May pushes for Brexit deal with new timetable

British Prime Minister Theresa May wrote to all MPs on Friday to spell out the possible paths forward.

British Prime Minister Theresa May wrote to all MPs on Friday to spell out the possible paths forward.


LONDON - British Prime Minister Theresa May tried to persuade MPs to back the EU divorce deal, seeking to build bridges after lashing out at lawmakers for their indecision on Brexit.

May wrote to all MPs on Friday to spell out the possible paths forward after European Union leaders granted a short delay to Britain's departure date at this week's EU summit.

However, the prime minister said she would not hold a third vote on the divorce deal next week if sufficient numbers do not switch sides in the coming days.

READ: May gets two-week Brexit reprieve from impatient EU

The premier faces daunting odds to persuade British lawmakers to support the plan -- something they have already overwhelmingly rejected twice -- by a new April 12 deadline agreed with the EU.

If May succeeds, Britain -- which was staring at a cliff-edge deadline of March 29 for leaving the EU -- will depart on May 22 under the terms of the withdrawal agreement struck with Brussels last year.

But if MPs cannot back the deal, then Britain can ask for another extension by April 12 or face a no-deal Brexit.

A further extension would require Britain to take part in European Parliament elections in May, despite having voted to leave the bloc three years ago.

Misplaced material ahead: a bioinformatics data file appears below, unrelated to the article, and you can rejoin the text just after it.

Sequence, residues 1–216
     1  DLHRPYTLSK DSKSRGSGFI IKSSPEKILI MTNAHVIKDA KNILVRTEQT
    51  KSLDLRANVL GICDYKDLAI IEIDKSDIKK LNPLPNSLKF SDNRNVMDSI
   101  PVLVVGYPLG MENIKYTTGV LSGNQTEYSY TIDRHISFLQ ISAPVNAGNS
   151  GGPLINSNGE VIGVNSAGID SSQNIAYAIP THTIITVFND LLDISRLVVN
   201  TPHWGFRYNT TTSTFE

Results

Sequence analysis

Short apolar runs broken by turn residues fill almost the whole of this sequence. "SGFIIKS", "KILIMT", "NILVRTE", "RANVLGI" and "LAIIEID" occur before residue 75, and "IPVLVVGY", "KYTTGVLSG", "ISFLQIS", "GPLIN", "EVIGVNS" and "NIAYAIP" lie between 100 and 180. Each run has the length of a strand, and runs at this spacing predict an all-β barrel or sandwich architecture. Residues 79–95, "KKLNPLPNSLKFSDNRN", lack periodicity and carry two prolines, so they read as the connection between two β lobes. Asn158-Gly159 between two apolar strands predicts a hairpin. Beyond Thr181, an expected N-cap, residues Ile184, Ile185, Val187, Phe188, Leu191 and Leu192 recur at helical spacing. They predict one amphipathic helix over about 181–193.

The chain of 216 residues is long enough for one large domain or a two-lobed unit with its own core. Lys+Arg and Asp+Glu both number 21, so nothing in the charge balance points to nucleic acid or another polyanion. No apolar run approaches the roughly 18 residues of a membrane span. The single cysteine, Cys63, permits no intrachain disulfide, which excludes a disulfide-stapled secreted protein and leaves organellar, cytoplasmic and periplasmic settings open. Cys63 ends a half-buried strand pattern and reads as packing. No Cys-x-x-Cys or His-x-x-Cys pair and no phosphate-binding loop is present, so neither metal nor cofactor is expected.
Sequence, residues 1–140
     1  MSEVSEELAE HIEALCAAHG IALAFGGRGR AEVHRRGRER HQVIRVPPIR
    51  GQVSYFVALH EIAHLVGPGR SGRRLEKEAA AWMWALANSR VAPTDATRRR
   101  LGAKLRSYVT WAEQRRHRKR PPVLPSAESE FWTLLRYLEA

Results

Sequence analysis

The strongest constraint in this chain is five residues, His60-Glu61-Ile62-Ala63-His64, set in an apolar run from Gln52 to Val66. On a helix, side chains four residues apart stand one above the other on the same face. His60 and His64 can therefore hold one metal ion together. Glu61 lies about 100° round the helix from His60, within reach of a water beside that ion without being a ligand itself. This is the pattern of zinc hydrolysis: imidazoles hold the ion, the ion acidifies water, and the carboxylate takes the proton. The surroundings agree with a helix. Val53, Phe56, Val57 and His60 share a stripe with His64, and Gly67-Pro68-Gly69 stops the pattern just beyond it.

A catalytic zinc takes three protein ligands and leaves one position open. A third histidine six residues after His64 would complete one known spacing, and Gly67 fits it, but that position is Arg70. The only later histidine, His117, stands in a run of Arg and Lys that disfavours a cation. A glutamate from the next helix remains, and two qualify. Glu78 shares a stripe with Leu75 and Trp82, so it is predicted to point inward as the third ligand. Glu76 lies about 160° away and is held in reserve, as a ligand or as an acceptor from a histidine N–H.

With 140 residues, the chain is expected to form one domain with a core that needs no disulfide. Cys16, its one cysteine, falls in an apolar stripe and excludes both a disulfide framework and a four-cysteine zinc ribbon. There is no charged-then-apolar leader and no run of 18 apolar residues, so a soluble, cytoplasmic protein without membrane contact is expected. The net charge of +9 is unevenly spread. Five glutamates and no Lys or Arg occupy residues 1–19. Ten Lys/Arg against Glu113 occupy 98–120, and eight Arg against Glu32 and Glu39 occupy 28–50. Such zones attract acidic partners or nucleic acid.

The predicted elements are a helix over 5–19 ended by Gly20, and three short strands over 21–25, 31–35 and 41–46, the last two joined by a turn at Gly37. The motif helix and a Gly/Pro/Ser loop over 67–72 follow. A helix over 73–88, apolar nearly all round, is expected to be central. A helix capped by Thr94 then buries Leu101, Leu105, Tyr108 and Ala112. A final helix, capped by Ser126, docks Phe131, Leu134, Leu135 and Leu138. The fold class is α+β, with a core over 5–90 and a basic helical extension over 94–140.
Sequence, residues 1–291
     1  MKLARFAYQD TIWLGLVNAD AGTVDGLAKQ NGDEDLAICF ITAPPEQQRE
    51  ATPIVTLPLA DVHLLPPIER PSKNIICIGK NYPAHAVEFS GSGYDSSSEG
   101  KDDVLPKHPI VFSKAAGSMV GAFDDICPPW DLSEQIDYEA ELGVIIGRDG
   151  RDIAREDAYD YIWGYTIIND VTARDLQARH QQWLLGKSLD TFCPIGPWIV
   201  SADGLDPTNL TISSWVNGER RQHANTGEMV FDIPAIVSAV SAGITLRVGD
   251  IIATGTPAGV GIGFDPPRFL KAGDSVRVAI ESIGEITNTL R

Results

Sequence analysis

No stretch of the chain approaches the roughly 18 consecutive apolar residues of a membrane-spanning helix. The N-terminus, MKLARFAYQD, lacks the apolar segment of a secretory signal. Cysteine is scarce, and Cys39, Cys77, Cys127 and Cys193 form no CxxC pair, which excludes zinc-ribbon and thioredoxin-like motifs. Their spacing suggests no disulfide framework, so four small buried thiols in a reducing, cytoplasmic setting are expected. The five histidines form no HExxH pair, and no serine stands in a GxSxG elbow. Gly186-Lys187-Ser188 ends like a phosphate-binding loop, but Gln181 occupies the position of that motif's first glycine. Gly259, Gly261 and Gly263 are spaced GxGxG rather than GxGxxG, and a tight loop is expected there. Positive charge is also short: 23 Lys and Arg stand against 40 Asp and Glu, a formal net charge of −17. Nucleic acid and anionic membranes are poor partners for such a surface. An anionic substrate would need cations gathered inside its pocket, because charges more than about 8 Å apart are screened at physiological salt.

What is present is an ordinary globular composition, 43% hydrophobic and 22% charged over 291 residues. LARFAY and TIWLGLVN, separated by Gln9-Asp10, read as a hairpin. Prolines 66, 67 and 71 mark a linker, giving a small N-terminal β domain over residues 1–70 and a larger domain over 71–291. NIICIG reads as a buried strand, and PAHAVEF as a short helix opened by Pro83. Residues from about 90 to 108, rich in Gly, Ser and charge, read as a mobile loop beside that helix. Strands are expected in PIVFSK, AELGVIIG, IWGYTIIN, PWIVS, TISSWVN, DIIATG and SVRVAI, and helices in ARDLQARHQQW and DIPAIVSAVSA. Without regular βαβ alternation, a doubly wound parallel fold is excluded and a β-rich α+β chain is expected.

READ: Speaker deals blow to British PM's bid to revive Brexit deal

In her letter, May said she would only bring the divorce agreement before the House of Commons again if it looked like there was sufficient support to pass the deal.

She spelled out the four options ahead, the first to being to revoke Britain's notice to leave the EU, "but that would betray the result of the referendum", the second to leave with no deal on April 12 -- which a majority of MPs have said they do not support, in a vote earlier this month.

"If it appears that there is sufficient support and the speaker permits it, we can bring the deal back next week and if it is approved we can leave on May 22," she wrote.

But she said if there was not sufficient support or the house rejected it, Britain could ask for another extension and take part in the European Parliament elections, adding: "I strongly believe that... would be wrong".

READ: Pound up but still faces pressure after Brexit delay deal

The pound rose on news of the Brexit delay but is likely to remain volatile amid uncertainty over what path Britain will now take.

Stocks in London ended the day 2.0 percent lower.

As uncertainty continues to reign, more than 3.7 million people have signed an online petition calling on the government to cancel Brexit.